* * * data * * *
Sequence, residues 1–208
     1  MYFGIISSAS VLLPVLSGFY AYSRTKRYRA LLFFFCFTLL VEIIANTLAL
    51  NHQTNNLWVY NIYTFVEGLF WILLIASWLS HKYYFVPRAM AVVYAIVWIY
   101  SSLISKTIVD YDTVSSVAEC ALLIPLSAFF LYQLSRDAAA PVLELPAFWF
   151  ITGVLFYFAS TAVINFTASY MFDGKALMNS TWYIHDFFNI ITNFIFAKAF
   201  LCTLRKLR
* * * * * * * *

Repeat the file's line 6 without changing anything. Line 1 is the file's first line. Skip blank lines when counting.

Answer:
   201  LCTLRKLR